This feature typically occurs at the end of a course and may produce a result which could count towards certification. It may also occur at the end of a set of different courses of different formats, for example at the end of a blended learning module with a mixture of streaming video, virtual classroom training and/or web or multimedia based learning. Again, automated assessment is not a default feature and depends on the individual learning product.
Tutor Assessment

This is the facility to send work to a tutor / teacher for correction and evaluation. Normal asynchronous elearning courses do not have this feature present but virtual classroom training courses often have self-study sessions where the students are expected to work offline to complete assignments. In the synchronous virtual classroom the task is set by the teacher and the students then work offline away from the direct supervision of the teacher. These assignments could be of a practical nature where the students log-on to telecommunications equipment and perform various tasks that have been set-up by the teacher and the background explained by the teacher in the synchronous virtual classroom setting. After a certain time period the synchronous classroom session can resume and the students submit their assignment to their teacher. The assignment is assessed by the teacher. In the case of a practical assignment the result could be a log file of a certain procedure that has been completed by the student(s) on Ericsson telecommunications equipment. In other cases in virtual classroom training, the tasks could be shorter in duration and completed through discussion with fellow students though online, synchronous discussion fora or so-called ‘break-out’ rooms.
Assessment Feedback – electronic

This feature covers electronic methods of giving students feedback on their work. The results may include guidelines on what areas the student needs to repeat. This is not normally a feature of individual Ericsson Education elearning courses. However in bespoke solutions where set curricula are created to meet the needs of specific groups of students in telecommunications companies it is a solution provided particularly in post-course or post-module assessments. The assessments provide feedback both for students and managers on what areas need revision and/or revisiting.
Assessment Feedback – manual

This situation occurs where instructions are provided on how to submit work for analysis and correction. Results may include guidelines on what material needs to be repeated. Manual submission of feedback is normally covered in the section entitled Tutor Assessment.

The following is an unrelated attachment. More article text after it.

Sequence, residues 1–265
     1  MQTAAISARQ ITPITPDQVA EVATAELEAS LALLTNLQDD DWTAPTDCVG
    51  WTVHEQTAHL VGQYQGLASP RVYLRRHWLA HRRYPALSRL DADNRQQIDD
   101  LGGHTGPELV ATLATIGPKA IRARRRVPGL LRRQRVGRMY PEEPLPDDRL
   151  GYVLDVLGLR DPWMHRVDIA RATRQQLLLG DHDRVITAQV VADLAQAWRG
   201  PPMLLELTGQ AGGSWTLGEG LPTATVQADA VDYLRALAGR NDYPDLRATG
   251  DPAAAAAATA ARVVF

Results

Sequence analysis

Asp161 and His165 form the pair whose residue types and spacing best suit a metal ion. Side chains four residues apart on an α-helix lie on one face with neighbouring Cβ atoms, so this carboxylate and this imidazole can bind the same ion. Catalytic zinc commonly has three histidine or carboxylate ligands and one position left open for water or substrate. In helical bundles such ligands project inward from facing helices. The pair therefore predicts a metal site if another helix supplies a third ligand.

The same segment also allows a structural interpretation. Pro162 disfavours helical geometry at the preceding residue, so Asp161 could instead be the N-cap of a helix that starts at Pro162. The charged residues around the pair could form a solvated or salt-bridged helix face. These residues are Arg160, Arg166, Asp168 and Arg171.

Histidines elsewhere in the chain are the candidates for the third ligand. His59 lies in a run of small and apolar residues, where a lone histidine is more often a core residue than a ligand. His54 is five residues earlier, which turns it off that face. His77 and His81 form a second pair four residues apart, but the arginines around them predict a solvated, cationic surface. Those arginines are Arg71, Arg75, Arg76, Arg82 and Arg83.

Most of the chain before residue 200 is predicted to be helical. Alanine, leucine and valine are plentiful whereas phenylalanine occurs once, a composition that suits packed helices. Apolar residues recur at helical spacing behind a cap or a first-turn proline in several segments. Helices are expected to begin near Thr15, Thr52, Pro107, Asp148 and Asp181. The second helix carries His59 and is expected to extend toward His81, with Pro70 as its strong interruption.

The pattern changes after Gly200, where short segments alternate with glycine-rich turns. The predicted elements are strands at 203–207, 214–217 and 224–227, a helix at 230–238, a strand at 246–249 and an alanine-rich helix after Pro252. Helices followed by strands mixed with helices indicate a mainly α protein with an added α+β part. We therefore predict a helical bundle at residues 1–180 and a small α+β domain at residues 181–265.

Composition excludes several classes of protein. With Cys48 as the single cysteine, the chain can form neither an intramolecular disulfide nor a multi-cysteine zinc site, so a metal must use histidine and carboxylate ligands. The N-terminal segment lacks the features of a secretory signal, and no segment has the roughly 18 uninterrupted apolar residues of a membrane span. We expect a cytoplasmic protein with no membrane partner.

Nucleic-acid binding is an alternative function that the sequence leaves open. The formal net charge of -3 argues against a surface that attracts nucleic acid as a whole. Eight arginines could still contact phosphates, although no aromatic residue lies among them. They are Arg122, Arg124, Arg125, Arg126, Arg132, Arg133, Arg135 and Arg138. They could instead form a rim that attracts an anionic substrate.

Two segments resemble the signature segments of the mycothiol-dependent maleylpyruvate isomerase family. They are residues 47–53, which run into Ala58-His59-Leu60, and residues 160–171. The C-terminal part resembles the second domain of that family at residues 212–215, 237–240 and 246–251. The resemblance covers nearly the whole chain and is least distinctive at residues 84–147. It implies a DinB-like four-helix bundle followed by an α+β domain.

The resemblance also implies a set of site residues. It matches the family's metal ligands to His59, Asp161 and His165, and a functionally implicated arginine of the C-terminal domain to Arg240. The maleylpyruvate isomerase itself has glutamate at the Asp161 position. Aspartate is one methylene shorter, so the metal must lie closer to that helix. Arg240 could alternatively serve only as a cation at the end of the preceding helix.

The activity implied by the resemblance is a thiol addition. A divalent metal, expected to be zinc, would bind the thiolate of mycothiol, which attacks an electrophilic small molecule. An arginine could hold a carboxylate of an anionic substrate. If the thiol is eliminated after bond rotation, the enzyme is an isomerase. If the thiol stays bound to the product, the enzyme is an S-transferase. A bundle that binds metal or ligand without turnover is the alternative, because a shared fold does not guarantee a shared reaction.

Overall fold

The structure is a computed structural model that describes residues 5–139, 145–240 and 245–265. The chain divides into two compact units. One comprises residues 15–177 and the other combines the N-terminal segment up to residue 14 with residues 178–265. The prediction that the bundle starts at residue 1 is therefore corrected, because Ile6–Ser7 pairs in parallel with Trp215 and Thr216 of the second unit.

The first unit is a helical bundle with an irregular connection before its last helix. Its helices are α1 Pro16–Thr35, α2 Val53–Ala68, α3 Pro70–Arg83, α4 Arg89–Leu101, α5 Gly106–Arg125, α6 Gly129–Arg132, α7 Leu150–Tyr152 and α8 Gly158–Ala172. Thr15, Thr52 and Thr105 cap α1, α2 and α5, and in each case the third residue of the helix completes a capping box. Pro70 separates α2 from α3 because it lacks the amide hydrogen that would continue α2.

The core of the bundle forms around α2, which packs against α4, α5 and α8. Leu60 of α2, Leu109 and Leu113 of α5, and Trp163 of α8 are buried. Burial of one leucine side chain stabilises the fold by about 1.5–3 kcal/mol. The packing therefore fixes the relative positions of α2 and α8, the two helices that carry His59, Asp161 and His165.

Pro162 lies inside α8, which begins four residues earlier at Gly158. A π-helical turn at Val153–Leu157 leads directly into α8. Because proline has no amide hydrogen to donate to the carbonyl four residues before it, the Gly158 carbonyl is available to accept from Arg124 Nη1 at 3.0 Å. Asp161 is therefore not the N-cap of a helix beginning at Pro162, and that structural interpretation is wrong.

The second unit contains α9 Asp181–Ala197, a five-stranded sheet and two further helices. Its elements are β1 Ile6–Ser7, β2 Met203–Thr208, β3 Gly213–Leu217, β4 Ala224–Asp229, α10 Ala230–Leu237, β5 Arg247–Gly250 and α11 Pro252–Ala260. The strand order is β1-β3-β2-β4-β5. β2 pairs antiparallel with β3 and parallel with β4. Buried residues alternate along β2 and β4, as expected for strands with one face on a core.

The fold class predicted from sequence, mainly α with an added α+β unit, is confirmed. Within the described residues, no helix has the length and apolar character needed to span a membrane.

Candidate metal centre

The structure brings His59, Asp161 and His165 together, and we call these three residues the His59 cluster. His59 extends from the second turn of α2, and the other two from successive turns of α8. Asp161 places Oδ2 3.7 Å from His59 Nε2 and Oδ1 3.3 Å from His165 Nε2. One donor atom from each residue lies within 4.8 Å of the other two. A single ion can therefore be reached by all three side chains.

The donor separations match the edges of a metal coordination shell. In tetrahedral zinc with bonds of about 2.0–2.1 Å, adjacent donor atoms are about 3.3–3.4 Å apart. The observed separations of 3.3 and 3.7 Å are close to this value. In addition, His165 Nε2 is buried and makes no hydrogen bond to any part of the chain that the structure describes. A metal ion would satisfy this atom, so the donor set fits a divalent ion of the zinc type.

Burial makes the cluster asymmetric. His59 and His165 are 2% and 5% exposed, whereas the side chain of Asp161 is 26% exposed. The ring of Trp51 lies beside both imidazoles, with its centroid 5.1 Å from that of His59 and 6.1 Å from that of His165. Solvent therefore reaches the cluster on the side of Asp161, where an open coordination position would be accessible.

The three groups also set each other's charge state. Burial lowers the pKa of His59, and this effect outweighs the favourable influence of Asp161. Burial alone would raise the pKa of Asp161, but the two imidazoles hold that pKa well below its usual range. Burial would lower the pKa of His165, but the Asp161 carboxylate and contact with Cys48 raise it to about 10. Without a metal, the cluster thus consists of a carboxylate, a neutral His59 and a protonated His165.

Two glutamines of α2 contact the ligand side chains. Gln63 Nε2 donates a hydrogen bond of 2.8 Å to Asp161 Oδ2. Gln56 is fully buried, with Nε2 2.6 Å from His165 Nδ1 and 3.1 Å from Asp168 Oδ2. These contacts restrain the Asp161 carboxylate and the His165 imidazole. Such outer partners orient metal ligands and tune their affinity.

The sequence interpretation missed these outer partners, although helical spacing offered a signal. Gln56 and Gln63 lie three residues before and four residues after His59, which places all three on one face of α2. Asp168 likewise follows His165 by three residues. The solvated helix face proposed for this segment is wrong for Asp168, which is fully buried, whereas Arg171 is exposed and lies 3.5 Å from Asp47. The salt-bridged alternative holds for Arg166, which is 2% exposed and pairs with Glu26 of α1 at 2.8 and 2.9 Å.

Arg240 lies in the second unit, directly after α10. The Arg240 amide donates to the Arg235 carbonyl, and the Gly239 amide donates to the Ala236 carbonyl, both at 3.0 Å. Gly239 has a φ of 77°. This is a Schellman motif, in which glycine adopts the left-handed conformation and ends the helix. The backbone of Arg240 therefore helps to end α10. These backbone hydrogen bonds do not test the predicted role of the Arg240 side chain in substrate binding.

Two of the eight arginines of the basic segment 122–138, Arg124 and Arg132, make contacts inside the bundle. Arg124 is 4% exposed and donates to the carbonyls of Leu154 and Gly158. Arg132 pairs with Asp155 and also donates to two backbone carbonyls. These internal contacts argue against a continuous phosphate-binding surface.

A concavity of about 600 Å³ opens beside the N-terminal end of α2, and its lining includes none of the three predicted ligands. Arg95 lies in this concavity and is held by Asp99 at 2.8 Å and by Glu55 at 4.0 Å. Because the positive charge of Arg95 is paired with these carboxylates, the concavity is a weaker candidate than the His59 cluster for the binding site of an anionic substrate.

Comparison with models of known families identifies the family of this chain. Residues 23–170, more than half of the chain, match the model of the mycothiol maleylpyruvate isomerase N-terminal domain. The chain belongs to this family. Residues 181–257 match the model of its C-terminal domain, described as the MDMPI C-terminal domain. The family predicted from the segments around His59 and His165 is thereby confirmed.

Student Portfolios

A personal home-page per student to allow them to introduce themselves to online colleagues, showcase their work. Provide alternative sources of course information to colleagues etc. This is not a feature covered by Ericsson Education Online.

The Future

Ericsson Education have identified enhanced support services for students as a key element of a comprehensive elearning portfolio. This is especially true of the Learning Phase with support services that enhance the learning process. Key enablers are:

•Blended Learning: This is a seamless transition through different delivery media from face-to-face to different forms of elearning. Ericsson’s policy is to promote a blended approach to competence development where appropriate

•mlearning: While still in the R & D stage it is clear from ongoing research that support services are as important for ’e’ as for ’m’

•Learning Management System and Learning Content Management System: Greater native functionality in LMS and LCMS enables implementation of enhanced support services.
In summary there have been great strides in elearning in the telecommunications industry over the past decade and the future looks promising. New developments in mlearning also promise an interesting new dimension over the short to medium term. The results of the Student Support Services in elearning project indicate that the role of support services especially in the learning phase can greatly enhance the learning experience. These findings ensure that support for the learner will be at the core of Ericsson’s elearning strategy.

База данных защищена авторским правом © 2016
звярнуцца да адміністрацыі

    Галоўная старонка